[27] The other way in which the burden may provide a benefit to the owners of the field is by protection of their interests in relation to the planning position. As we have noted, the respondents relied on this only in relation to the possible single house beside “The Meadows”.

[28] Generally, the planners appear opposed to residential development at this location. If that is the settled position, the burden confers no benefit at all. However, the materials produced in relation to the draft local plan consultation and the planners’ expression of their position appears to us to be related to more extensive development. In their report produced for the applicants, Graham and Sibbald did offer the view, which appeared to us credible, that “there may still be the opportunity for further modest development to be serviced off Old Port Road”.

[29] As we see it, the question then becomes whether permitting the applicants’ proposed development affects the prospect of obtaining permission for one more house. The situation in which it was suggested that it might do so related to the poor access position. It was suggested that there would because of that be a limit to the number of houses accessed from Old Port Road and therefore that, as it were, the applicants’ proposed new house might be the last to get permission and in that way the protection provided by the burden could preserve the respondents’ development prospect.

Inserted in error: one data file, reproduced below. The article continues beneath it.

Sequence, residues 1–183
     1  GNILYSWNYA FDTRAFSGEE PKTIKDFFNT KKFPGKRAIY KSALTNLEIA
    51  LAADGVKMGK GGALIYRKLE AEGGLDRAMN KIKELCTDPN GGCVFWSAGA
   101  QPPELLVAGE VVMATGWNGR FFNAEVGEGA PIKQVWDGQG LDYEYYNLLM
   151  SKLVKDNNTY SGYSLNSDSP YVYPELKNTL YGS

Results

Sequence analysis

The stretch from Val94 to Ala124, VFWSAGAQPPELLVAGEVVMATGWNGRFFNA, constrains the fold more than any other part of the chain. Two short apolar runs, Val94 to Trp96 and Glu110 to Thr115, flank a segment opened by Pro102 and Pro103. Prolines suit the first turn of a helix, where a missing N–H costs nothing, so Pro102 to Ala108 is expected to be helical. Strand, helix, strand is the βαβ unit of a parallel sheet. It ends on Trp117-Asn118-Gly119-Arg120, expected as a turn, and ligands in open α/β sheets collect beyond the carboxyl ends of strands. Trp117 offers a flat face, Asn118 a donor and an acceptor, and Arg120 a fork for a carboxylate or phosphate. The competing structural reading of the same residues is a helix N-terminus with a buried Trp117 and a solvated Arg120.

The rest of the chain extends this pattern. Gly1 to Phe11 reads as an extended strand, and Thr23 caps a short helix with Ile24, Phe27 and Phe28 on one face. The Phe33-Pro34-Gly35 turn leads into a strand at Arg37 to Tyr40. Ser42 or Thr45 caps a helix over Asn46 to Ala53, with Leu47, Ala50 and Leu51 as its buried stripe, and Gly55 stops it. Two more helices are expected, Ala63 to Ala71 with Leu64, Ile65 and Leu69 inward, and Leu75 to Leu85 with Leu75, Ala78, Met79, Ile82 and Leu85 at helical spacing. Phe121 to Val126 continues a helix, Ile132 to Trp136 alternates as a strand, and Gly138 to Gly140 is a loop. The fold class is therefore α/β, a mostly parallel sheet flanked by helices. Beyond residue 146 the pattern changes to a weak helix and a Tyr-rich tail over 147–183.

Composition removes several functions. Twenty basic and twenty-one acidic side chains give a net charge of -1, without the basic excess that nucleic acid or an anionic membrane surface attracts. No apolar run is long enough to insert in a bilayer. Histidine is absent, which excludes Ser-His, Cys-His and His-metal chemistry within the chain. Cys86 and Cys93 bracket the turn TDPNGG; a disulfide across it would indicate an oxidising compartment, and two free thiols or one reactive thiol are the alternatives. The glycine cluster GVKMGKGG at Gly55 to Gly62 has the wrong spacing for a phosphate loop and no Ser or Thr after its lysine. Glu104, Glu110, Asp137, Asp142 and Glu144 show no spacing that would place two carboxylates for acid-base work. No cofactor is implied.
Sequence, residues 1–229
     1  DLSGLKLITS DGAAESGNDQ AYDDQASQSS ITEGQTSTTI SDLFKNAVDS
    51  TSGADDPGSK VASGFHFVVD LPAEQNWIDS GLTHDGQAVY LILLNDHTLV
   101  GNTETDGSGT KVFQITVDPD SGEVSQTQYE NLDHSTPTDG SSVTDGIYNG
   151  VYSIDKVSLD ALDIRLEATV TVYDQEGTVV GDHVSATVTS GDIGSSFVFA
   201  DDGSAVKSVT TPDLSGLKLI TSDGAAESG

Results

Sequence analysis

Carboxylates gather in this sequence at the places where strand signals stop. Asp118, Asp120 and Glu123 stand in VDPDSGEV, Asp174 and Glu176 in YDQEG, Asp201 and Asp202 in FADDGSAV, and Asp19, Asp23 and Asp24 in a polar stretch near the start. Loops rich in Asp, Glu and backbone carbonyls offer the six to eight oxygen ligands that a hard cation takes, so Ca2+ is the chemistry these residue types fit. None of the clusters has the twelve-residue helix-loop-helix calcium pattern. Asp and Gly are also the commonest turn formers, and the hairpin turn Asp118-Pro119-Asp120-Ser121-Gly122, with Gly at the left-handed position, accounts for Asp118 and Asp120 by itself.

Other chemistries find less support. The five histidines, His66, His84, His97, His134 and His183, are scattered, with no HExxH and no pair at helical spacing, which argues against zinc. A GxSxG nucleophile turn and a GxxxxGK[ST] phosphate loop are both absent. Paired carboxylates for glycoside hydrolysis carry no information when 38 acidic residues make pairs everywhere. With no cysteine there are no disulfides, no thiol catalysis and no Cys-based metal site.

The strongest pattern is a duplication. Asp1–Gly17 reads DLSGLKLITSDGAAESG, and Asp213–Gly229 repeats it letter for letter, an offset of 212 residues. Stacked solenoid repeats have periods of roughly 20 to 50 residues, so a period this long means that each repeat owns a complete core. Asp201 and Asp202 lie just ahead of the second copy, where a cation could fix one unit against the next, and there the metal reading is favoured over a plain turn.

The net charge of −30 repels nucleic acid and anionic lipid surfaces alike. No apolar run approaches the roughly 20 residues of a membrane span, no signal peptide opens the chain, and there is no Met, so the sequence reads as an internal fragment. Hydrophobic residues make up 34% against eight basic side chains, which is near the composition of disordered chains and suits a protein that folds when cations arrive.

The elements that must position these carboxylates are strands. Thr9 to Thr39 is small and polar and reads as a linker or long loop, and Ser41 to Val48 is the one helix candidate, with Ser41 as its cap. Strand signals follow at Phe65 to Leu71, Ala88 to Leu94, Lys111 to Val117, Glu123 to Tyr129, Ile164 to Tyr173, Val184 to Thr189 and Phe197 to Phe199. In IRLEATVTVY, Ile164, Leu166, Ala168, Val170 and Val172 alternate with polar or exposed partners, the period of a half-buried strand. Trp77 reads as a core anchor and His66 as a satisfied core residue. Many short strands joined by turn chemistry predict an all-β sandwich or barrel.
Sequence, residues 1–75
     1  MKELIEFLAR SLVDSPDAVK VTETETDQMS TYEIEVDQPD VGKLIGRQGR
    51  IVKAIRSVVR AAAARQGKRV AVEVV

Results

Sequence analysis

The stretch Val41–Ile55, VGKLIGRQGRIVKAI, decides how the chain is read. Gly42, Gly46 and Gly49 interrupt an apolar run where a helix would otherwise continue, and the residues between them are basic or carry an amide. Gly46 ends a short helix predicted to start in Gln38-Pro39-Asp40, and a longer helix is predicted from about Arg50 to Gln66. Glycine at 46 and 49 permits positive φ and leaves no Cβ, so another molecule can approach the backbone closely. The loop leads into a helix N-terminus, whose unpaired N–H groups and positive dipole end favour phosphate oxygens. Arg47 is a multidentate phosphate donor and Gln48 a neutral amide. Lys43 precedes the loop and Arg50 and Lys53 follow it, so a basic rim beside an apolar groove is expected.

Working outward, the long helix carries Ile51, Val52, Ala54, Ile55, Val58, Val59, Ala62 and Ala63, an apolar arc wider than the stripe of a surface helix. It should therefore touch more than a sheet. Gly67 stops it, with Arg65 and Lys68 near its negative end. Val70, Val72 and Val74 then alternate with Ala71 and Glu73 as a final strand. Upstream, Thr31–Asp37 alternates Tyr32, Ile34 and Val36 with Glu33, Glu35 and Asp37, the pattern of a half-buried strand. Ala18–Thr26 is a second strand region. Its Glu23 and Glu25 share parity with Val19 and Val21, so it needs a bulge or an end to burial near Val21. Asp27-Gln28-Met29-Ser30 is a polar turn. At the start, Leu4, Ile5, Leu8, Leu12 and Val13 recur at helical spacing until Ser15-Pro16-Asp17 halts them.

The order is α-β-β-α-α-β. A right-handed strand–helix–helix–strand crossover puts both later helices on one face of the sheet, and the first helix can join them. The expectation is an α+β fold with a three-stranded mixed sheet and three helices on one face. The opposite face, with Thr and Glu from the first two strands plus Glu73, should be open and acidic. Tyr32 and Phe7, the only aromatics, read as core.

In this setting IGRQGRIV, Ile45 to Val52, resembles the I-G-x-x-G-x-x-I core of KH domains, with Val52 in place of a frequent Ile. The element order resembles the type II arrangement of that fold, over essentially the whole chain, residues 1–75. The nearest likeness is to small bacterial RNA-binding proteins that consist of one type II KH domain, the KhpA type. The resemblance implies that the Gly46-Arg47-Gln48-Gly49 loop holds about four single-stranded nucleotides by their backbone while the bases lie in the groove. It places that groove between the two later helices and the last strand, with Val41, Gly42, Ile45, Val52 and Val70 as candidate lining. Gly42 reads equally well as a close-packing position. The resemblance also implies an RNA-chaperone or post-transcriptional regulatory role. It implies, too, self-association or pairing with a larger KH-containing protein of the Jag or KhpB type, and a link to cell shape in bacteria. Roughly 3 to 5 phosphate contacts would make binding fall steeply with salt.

[30] We accept that that possibility cannot be altogether ruled out and that it is a factor to be considered. In our view, however, on a consideration of all the material and all that was said, as well as our own look at the location, this is a somewhat unlikely scenario. We say that firstly because there is little if any indication of it in the materials, and also because the applicants’ proposed house involves using an existing access and not adding one. We appreciate that there could be two considerations – the number of accesses and the amount of traffic – but it does not seem to us very likely at all that the fact of having granted permission for a two-bedroomed bungalow using an existing access would be crucial in relation to a proposal to build a substantial house involving the creation of an additional access. It seems to us that while such prospective development of the respondents’ land, involving another access from Old Port Road, might be granted or might be refused, the existence of the house now proposed by the applicants would not be a determining factor.